T h e U k r a i n i a n M u s e u m
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Wed. thru Sun. 11:30 am - 5:00 pm; thru Nov. 20, 2014 open Thu. until 8:00 p.m. e-mail: info@UkrainianMuseum.org
Crossroads: Modernism in Ukraine, 1910-1930
A First for New York City
New York City, October 11, 2006 Crossroads: Modernism in Ukraine, 1910-1930, the first major exhibition of early 20th century Ukrainian art to be shown in New York City, opens November 5 at the new Ukrainian Museum, a state-of-the-art, 25,000-square-foot facility located at 222 East 6th Street. The exhibition will be on view through April 29, 2007.
The show was organized by the Foundation for International Arts and Education with the National Art Museum of Ukraine. The Foundation, a non-profit organization was created to help preserve and protect artistic and cultural legacies in the countries of the former Soviet Union through exhibitions, financial support and education. The National Art Museum of Ukraine was founded in 1904 and has grown into a prestigious national institution, whose collections reflect the history of art in Ukraine.
Featuring the best of high modernism from Ukraine, the exhibition includes more than 70 rarely seen works by 21 Ukrainian artists; each of the works is being shown for the first time in the United States. Examples from the Avant-Garde, Art Nouveau, Impressionism, Expressionism, Futurism and Constructivism movements are presented in a fresh, new light.
Crossroads: Modernism in Ukraine includes the works of well known artists such as David Burliuk, Alexandra Exter, and Kazimir Malevich as well as those of many artists still unknown to American audiences. Although the former are commonly associated with the Russian Avant-Garde, one of the revelations emerging from the exhibition is that much of what has been regarded as Russian modernism was, in fact, incubated in Ukraine.
The works in the show range from huge oil canvases to graphic arts to theater and opera design. The first impression is of an abundant use of color. Another striking aspect of the works is the way they mesh the past and the present, bowing to the influences of cultural traditions, but expressing them through modernism. The abstract works are rooted in the principles of Ukrainian folk art; they also resonate with Byzantine aesthetics, with medieval ecclesiastical art, and with the tensions inherent in classic 17th century Ukrainian Baroque.
According to one of its organizers, Nikita Lobanov-Rostovsky, the exhibition is designed to show American audiences the talent and unique nature of Ukrainian Avant-Garde artists. "Viewers will be able to observe that not only Moscow and St. Petersburg were breeding grounds of new, non-objective art of the 20th century," he explains. "Form and color were combined also in Kyiv and Kharkiv, where these ideas prospered and succeeded since 1908. Many 'founding fathers' of this art in the Russian Empire of that time were Ukrainians born and bred."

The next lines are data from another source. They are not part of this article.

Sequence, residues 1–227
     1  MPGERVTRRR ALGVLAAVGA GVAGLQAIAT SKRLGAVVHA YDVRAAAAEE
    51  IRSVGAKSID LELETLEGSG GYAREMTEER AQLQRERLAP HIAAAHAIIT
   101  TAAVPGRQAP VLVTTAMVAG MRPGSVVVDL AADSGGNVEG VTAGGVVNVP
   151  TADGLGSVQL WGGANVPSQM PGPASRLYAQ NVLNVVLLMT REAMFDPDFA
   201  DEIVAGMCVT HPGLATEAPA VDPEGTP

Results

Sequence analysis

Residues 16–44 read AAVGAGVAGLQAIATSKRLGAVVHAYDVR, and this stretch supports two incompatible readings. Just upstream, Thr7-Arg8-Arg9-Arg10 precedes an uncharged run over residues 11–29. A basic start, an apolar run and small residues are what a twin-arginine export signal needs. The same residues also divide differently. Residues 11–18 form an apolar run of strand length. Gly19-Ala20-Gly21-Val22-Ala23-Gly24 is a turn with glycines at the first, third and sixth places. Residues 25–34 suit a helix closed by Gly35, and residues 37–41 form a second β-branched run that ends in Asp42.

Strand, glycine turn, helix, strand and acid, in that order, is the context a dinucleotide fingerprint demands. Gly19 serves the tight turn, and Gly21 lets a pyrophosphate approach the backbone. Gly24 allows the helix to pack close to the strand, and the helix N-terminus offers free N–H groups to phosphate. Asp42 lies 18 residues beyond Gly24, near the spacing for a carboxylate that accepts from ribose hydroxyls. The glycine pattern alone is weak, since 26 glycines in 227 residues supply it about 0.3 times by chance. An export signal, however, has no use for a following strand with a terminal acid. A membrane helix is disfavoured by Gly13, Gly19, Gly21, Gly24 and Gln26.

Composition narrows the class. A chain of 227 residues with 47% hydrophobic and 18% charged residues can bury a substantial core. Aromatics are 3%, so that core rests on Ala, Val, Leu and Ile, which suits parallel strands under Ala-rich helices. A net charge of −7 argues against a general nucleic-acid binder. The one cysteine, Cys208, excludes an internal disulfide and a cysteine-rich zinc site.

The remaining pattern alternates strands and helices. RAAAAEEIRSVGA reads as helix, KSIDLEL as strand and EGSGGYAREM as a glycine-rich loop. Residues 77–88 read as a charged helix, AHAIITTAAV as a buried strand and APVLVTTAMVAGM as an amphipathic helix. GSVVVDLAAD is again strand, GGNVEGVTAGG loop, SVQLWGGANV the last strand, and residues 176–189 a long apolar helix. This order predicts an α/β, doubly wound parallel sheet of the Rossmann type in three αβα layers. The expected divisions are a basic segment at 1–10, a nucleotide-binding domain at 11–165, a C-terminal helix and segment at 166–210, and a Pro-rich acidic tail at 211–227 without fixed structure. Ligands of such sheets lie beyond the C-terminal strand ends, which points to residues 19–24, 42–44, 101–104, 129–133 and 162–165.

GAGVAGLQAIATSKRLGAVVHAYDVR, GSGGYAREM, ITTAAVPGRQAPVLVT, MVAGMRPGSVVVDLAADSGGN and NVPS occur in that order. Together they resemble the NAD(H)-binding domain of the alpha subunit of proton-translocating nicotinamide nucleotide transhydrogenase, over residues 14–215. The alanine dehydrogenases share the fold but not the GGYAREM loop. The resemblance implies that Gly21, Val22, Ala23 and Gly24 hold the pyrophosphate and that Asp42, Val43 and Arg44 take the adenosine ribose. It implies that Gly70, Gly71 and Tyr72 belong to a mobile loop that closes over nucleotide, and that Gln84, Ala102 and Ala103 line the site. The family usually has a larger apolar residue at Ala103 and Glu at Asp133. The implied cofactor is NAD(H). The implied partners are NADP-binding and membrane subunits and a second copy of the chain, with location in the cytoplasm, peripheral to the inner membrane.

The works on exhibition are from the National Art Museum of Ukraine, the Theater Museum, and the Museum of Folk Art of Ukraine in Kyiv, the Art Museum of Dnipropetrovsk, and private collections. They were selected by Professor Dmytro Horbachov and Nikita Lobanov-Rostovsky, who are dedicated to preserving and disseminating knowledge about the Ukrainian Avant-Garde.
The Ukrainian Museum will be the second stop for this exciting exhibition, which opened this summer at the Chicago Cultural Center. A richly illustrated, bilingual catalogue accompanies the exhibition. The catalogue includes essays, written by leading international experts, tracing Ukrainian artistic expression and experimentation over the years 1910-1930 while contextualizing the works that emanated from this period of prolific creativity. Professor John E. Bowlt of the University of Southern California served as editor of the catalogue.
As volatile as Ukraine's politics were in the months leading up to the recent Orange Revolution, so too was the cultural exuberance beginning with the turn of the century. This exhibition offers a taste of the electrifying energy of that period that soon ended with the Stalinist purges that decimated Ukraine. A majority of the artistic output of this extraordinarily prolific period was destroyed and most of the artists forced underground, exiled, or executed. Through this show, examples of modern Ukrainian art offer a rare glimpse into a long-neglected area of modernist endeavor, of cultural endurance and creative freedom.
The exhibition's national tour is sponsored by the Boeing Company; the Trust for Mutual Understanding; Nour USA, Ltd.; Konstantin Grigorishin; and AeroSvit Ukrainian Airlines. Financial support has also been provided by Oleksandr Tabalov and Mykola Shymone.
The Ukrainian Museum, an institution showcasing Ukrainian culture and history, has been serving its constituency and the public since 1976 through exhibitions, educational programs, and public events.
Its purpose is to preserve the cultural heritage of Ukrainian Americans as well as to document the contributions of Ukrainian immigrants to America's cultural treasury. In 2005 the Museum inaugurated its new facility with a dynamic retrospective exhibition of the works of Alexander Archipenko, a leading voice of Ukraine's modernist era.
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